Remembering Guy de la Valdene



Guy de la Valdene circa 1970s

Guy de la Valdene, writer and filmmaker, passed away last week in his home outside Tallahassee. Although we never met, his iconic footage of the Florida Keys backcountry in his 1973, Tarpon, made a deep and lasting impression.

In that film, Guy and brother-in-law Christian Odasso, cameraman, captured the youth and spirit of a generation of writers and artists who brushed against the Florida Keys in the late 60s—notably Tom McGuane, Richard Brautigan, Jimmy Buffet, and Jim Harrison. No one could have known at the time that the magnificent fishery of tarpon, both migrating and nesting off Key West, was on the verge.

Tarpon is unique. There is no other documentary record that captures the lush seagrass meadows that once carpeted so much of Florida Bay, a vast, one-of-a-kind wilderness. Guy’s film captured the drama of fly fishing tarpon, above and below the surface, at a special moment. The makers’ crowning achievement: building a platform on the flats to capture migrating tarpon they knew would be there when the sun rose the next day and the days after that.

We will never film that way again, off Key West, from a platform. Back then, the tarpon were naïve. They hadn’t seen fly fishermen, boats, and gear to make them wary of encounters with humankind. The water quality was pristine and not yet marred by serial algae blooms and the other marks of pollution and climate change.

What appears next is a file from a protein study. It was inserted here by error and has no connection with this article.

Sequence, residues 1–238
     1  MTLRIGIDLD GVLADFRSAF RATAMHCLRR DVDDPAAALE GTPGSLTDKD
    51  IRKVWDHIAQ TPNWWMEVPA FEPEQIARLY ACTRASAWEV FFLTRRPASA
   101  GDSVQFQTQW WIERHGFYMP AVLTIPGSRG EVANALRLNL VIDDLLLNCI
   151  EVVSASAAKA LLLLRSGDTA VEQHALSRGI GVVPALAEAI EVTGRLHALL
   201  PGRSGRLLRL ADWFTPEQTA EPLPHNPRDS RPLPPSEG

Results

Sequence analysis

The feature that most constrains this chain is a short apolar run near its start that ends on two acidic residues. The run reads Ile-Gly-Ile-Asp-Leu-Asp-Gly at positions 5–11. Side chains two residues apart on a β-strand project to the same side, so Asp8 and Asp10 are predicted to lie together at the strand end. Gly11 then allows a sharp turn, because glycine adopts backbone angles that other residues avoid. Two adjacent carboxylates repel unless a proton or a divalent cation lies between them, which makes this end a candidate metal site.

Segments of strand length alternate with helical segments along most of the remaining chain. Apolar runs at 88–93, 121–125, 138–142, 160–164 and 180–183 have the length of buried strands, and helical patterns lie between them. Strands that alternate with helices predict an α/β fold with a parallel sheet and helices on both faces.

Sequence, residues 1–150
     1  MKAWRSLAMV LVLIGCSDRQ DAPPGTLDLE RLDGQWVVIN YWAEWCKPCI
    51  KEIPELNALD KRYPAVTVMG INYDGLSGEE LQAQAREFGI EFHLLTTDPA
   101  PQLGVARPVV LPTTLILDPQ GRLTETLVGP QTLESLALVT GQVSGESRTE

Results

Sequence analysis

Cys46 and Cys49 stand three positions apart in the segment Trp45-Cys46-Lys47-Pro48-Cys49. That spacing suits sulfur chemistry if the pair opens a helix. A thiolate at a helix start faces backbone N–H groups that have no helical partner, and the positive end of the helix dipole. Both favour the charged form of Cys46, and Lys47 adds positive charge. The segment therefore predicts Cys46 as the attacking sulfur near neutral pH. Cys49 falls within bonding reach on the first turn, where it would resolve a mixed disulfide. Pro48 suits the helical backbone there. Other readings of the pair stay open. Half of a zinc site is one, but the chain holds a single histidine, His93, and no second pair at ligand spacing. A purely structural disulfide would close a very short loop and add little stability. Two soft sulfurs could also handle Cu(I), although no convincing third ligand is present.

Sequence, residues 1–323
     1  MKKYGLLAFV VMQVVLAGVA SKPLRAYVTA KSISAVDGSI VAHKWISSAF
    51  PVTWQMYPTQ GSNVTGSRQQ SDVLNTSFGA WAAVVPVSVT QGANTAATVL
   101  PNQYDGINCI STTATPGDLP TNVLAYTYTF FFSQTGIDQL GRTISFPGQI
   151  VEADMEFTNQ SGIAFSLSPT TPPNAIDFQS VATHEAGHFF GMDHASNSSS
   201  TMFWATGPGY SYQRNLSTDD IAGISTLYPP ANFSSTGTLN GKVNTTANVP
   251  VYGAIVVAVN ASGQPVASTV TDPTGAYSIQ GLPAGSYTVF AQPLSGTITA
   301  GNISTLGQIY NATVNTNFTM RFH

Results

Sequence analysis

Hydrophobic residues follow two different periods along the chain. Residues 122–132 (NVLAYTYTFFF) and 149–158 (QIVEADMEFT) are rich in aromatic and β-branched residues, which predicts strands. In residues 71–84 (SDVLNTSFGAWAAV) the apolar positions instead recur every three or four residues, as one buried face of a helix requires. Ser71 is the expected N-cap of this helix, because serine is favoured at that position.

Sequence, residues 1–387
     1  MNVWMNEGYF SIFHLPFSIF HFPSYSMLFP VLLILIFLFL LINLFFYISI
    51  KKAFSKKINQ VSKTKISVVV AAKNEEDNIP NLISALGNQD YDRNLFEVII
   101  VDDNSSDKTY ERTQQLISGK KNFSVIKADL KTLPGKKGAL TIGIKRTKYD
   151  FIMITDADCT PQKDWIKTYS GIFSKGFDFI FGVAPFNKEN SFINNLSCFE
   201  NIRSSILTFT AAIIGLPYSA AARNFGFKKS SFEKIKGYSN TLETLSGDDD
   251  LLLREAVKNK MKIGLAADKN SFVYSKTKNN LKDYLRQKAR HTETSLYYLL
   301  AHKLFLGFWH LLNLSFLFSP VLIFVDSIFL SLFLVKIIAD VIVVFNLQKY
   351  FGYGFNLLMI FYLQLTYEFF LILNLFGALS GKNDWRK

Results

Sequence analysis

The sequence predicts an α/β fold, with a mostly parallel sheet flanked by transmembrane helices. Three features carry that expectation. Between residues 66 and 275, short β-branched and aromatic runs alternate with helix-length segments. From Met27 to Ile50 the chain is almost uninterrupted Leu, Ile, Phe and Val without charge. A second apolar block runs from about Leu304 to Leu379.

I began fishing the flats, thanks to parents who had a small home on Marathon Key, in the early 1970s. I experienced the natural world that captivated Guy and his friends.

I fished often enough to know the backcountry from the Marquesas to Woman Key, the Archers, Sugarloaf, Big Pine, Snipe to 9 Mile Bank and Cape Sable. Not nearly as well as the best guides of that era, but well enough to feel a tangible connection to a magnificent wilderness at the bottom of the Everglades that exists today mostly in our collective imagination.

Many of us who dedicate time and energy to restoring the Everglades ecosystem, including its components like Florida Bay, are fired by memories of what we’ve lost. What Guy and Christian filmed, this generation of taxpayers and citizens are trying to recover. How could they have known then it would come to a contest between common sense logic to protect irreplaceable wilderness in the first place and progress that requires taxpayer investment of billions in uncertain remediation?

The good news is that nature can heal if we cover our tracks. Nature can heal if we are wise enough to put political grandstanding where it can’t harm investments based on science.

Many of us know, too, that the key to tackling the biggest problem—rapid, man-made climate change is the best example—is to successfully direct resources to fix what we know can be fixed. Problems like the Florida Bay and the Everglades are massive opportunities.

I often ask myself the question: How will those who never experienced the glory of Florida Bay and the Everglades become energized to carry the multi-generational tasks of investment in water management infrastructure? How will they find the motivation that has driven us because we experienced these special, magnificent places?

One timeless source of inspiration is Guy’s Tarpon. He captured lightning in a bottle. Godspeed, Guy, and thank you.

You can watch the classic fly fishing film Tarpon here.